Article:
Thanks Joan. I've found I have to think things through or suffer the consequences of doing it over, or regretting it for other reasons.
I'm a slow thinker, so it often takes a frustratingly long time to come to a good conclusion, but whenever I try to speed the process up, I regret it.
Of course, even when I think and study on something a long time, I still often make the wrong decision, but not as often as when I try to take a shortcut.
And, like you I am open to changing my mind as new information becomes available.
This one is amazing. I agree it looks surreal. Give me some home that people in cities can grow food too.
I'm starting all over again! My containers were broken by frost and brittle from sunlight - they were about eight years old. Last year I had no time for my roof garden because of brother-in-law's accident. Today most of my plants are dead. This week I ordered six enormous containers to put my garden in. The first set of vegetables and herbs are sowed, I've been busy to make compost from kitchen waste these few weeks and now I'm waiting for the containers. Pictures follow.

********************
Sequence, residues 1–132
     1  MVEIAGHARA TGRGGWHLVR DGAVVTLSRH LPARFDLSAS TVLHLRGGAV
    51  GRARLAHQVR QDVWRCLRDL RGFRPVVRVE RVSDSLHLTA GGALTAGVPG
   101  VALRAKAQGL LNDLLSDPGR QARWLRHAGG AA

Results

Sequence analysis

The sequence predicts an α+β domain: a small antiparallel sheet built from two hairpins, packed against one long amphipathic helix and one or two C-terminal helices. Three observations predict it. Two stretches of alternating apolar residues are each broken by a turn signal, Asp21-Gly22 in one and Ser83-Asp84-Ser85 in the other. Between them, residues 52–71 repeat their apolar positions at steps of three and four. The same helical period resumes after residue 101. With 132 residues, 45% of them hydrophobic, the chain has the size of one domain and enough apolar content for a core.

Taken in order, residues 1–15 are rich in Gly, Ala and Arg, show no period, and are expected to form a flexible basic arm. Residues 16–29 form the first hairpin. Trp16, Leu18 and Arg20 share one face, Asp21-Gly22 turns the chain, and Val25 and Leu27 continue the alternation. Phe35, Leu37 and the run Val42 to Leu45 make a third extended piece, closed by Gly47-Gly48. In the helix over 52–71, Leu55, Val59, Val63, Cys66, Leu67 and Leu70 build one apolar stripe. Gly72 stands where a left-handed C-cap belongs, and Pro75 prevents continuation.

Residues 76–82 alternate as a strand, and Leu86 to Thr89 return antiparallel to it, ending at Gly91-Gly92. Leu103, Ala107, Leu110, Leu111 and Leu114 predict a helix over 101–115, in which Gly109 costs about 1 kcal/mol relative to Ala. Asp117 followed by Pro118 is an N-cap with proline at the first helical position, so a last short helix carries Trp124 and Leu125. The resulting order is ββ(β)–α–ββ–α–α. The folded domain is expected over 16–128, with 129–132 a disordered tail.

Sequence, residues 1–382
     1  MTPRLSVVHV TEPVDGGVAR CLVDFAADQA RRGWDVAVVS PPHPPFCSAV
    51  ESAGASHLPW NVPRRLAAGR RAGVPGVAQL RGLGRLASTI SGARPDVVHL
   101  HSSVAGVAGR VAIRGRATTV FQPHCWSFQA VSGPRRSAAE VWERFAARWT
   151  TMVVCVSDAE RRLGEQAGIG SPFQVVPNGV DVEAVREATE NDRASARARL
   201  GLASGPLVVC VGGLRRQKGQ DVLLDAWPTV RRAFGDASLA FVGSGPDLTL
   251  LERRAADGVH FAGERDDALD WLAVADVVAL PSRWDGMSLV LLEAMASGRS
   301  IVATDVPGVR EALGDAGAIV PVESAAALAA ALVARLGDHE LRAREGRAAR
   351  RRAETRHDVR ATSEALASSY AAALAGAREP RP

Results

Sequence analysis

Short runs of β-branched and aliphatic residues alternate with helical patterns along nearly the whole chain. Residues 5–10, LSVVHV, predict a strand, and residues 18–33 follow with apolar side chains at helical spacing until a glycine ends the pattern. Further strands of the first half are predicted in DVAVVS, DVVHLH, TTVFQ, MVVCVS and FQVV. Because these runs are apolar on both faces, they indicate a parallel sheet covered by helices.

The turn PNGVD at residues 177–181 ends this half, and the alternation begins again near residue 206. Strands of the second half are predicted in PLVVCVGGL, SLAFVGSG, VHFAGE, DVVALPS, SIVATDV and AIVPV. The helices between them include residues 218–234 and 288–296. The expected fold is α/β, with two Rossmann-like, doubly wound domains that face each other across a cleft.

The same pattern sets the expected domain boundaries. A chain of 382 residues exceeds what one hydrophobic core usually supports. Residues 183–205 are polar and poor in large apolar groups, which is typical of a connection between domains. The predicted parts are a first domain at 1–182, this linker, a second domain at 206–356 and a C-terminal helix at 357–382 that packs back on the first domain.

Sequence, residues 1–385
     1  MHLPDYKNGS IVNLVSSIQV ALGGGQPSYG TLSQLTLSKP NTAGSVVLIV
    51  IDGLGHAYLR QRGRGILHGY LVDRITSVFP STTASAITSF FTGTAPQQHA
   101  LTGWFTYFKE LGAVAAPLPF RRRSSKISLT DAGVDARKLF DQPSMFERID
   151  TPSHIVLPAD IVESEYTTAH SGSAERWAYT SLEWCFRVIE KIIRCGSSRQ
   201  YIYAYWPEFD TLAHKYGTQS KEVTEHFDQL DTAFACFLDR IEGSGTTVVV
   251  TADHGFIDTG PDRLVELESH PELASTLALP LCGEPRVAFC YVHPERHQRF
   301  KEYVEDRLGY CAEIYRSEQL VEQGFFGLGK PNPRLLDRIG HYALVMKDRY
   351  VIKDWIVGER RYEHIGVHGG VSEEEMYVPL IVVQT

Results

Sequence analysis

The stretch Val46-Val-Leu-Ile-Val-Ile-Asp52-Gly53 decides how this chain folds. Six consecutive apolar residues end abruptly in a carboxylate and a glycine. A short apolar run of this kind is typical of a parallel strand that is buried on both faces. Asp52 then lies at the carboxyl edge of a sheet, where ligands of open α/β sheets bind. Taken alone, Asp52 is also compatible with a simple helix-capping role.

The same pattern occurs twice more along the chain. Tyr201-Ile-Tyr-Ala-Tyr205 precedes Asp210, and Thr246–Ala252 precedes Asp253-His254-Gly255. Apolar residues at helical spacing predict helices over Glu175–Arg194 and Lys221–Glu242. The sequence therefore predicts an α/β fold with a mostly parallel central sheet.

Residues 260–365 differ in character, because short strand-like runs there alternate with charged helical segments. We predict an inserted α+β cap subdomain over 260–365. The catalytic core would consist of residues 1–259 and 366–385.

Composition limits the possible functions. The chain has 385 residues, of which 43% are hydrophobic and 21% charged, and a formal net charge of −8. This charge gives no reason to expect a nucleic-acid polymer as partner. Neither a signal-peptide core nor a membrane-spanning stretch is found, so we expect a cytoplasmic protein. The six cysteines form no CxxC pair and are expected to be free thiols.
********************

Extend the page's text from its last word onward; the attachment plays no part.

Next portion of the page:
Chris, I'm glad to hear you have a good start on your new garden.
"A new law recently passed in France mandates that all new buildings that are built in commercial zones in France must be partially covered in either plants or solar panels."
I guess it's a start, but I couldn't find a percentage of roof that must be covered. "Partially" could mean less than 1%. Not much of a law if it doesn't give a minimum.
On that picture, I thought those groups of 3 green squares were solar panels until I spotted the woman sun-bathing and realized they were lounge chairs.
I guss all you need is a little soil and some water! And a leak-proof roof.
I don't know much about roofs, but I would think besides being leak-proof, it would have to be root-proof as well. No seams that a root could muscle it's way into.